My father, David Killingsworth passed away at 4:15pm Saturday, February 20th, 2016.
He had been battling several infections for the last year, and had been in hospital care since mid-November. I was visiting then, and when I assisted him to get to dialysis that day. Some part of me knew that would be the last day he would see his own home. 3 months later, after making the decision to cease dialysis and all medicines to start hospice care, we spent his last week with him. Later, on Saturday, he was unresponsive most of the day and finally passed in his sleep in the afternoon.
But this post isn’t about his death, so much as it is a post about his life and the things I have learned over the years from him.
My father was a baker and bakery manager most of his career. He did some other things like driving a truck and being a mechanic in a shop, but mostly he was in a bakery. This meant that most of my life he got up very early in the morning, around 3-4am. I remember waking briefly to a light or the sound of his electric razor in the mornings, then drifting back to sleep. He cared a lot about providing for his family and was the sole source of income for us until my sister and I reached school age, when my mother went into nursing school and after she graduated.
Outside of work, he was usually working on the house, cars, or outside–and dragging me along with him. He always said I was a pretty good helper after I got off “top dead center”. From my earliest memories, I can recall searching for tools with their cryptic symbols on them trying to find the right one to hand him while he was under a car. Working on cars for us developed into something more than a task or chore, it was social time, too. Time for us to be guys and talk–or not talk. Most of the time we’d be joking around, but we had some really good talks while turning a few wrenches.
“You’re not going to learn any younger!” was frequently what I would hear, whenever I protested that I didn’t know how to do something. I’ve turned to using this phrase with my own kids sometimes, as well as the kids on the robotics team I coach. What this phrase lacks in correct grammar, it gains in gritty, no-nonsense truth.
By the time I reached high school, the two of us acted more like friends than a father and son, I felt. For the most part, I kept my stuff in order, but I knew if I didn’t he became “dad” again very quickly. Otherwise, we’d joke around, horse around, even after I got big enough to give it back to him! I remember flopping down opposite him on the couch, placing my legs lazily up on his knees. He’d say nothing, but start pinching and plucking the hairs on my calves until I had enough and pulled my legs back. We would tease and goad each other frequently, calling each other “weenie boy” or “pud”. This comfort level translated in to when we would work together. Others would be surprised at how we would talk to each other as we worked on, but the two of us never minded or took it negatively. Those words were signs of approval to each other more than any superfluous words could be.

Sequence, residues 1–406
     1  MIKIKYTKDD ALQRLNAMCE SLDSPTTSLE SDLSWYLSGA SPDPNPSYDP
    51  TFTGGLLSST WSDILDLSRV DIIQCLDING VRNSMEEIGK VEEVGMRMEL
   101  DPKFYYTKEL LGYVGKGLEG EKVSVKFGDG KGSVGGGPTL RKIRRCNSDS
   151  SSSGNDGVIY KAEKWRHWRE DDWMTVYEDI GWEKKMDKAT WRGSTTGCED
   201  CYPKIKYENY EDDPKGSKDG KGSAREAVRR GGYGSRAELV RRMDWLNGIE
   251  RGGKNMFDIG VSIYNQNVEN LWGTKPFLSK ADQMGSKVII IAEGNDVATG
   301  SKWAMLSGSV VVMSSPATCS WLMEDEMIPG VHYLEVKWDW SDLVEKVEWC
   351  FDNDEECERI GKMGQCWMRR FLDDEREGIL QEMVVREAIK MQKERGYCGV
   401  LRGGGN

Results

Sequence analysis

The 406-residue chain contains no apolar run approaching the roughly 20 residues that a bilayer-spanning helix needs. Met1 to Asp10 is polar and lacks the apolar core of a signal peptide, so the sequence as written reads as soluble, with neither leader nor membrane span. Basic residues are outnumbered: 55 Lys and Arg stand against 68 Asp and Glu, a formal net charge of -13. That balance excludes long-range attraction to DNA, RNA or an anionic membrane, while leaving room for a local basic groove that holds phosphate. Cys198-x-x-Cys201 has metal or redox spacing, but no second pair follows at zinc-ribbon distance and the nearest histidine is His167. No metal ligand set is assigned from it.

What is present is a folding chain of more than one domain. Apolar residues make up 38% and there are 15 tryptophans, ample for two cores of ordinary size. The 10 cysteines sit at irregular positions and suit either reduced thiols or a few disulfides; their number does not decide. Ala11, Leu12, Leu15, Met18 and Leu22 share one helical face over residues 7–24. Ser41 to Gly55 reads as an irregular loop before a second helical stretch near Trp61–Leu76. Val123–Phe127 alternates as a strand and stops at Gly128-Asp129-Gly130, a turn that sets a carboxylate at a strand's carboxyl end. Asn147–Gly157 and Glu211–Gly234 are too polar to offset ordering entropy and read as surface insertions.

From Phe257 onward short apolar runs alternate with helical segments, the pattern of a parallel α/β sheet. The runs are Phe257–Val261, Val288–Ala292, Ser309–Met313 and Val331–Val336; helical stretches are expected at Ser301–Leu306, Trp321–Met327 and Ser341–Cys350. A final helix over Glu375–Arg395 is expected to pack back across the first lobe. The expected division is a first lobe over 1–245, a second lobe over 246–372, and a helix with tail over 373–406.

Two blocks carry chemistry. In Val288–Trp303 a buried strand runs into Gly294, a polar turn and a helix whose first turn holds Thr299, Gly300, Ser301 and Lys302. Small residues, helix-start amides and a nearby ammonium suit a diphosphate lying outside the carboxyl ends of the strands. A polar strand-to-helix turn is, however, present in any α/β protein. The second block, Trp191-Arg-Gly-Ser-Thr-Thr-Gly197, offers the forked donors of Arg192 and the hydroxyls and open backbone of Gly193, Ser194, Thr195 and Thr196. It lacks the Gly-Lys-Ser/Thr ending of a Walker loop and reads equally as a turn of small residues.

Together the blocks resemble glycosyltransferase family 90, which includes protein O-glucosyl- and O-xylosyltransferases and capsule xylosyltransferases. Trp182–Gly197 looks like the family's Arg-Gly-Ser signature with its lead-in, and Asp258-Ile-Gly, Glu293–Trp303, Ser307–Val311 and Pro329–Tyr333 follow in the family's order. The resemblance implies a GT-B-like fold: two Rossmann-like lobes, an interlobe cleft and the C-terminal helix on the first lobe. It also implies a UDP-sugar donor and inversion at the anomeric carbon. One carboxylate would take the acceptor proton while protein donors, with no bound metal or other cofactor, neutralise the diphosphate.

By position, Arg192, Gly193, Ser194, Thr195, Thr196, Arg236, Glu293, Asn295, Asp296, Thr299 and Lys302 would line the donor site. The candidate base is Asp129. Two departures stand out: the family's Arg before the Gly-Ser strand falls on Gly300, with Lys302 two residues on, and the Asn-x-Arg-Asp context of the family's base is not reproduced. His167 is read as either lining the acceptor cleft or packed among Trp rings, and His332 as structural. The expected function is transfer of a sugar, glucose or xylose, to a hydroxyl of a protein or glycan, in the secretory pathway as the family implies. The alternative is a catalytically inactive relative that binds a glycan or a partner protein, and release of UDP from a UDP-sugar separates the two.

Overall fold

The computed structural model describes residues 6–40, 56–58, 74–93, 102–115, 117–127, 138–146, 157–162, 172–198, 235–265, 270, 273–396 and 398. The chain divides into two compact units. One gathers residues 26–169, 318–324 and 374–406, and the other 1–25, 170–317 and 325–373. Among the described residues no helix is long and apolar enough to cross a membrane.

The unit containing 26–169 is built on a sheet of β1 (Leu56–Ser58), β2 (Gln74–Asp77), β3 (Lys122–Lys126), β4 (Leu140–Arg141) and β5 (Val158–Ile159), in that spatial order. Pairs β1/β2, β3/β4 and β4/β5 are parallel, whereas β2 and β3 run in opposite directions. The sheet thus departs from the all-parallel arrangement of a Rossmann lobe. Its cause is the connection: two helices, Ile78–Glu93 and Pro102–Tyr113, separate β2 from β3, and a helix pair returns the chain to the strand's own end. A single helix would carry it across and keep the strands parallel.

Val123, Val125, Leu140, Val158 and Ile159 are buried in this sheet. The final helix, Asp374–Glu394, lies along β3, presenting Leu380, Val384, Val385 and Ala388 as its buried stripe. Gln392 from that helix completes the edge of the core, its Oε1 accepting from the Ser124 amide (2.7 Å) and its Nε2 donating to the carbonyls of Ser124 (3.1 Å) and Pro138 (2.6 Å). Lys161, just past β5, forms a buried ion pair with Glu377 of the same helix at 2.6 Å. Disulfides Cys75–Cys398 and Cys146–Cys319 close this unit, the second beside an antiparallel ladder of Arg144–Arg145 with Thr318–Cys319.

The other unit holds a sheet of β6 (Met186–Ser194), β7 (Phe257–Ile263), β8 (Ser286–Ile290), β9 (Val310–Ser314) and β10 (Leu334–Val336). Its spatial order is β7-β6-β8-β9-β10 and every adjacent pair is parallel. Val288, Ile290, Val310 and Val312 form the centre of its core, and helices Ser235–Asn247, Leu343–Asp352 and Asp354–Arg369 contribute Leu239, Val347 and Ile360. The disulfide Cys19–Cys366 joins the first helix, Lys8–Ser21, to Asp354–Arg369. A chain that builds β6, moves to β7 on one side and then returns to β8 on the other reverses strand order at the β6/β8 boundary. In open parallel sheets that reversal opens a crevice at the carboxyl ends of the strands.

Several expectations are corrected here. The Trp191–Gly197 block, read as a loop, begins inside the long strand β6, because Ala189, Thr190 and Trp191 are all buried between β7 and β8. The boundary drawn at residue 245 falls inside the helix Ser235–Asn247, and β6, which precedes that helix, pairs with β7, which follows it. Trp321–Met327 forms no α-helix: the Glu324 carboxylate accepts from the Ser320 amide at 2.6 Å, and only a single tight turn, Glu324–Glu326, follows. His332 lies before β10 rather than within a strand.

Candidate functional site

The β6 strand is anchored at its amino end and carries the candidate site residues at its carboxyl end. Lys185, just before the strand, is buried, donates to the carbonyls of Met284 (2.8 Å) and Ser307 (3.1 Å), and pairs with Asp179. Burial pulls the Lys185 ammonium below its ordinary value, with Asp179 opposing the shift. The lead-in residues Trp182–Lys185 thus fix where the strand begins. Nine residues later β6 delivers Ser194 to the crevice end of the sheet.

“The difference between the apprentice and the master is that the master knows how to fix his mistakes.”
This is probably the best advice I had ever gotten from my father. He kept hammering this into me many times throughout my life and I needed that. This is what fancy educational studies nowadays call a “growth mindset” instead of a “fixed mindset”. But my dad had it all along. He always told me there’s no problem ever with making a mistake, as long as you don’t keep making the same mistake again. Learn from your mistakes and move on.
Even after I had grown and moved out, my father and I were still close and he was always there whenever I needed him. After my first marriage, when I found myself being a single father, he came and stayed with me many days to take care of my daughter. We spent a lot of time together then, and had lots of talks. Sometimes we’d play a video game together (okay, I would play and he would watch, lending advice occasionally.) And with my second marriage, he even taught his favorite recipes to my wife and would frequently sit with us in the kitchen as one of us cooked, just to visit.
For a while, he and my mother had a place on Pomme de Terre Lake. It was small, no-frills accommodations, but the scenery was wonderful and it had a dock on the lake as well. We would take the family out and he would pull us on tubes with their boat. He took great joy in skipping us across the water, while we clung to the tube with white knuckles. Lots of great memories there.
My dad and I have been through a lot over the years, from lying in the back of his old truck, watching fireworks, to his lectures at me for not turning in my homework, helping him on work on cars, houses, trimming trees, mowing lawns, going fishing and just driving around and talking. And I think that’s what I’ll miss the most. Nothing will ever replace those talks and his advice–whether I wanted it at the time or not. But I’m glad I got it now.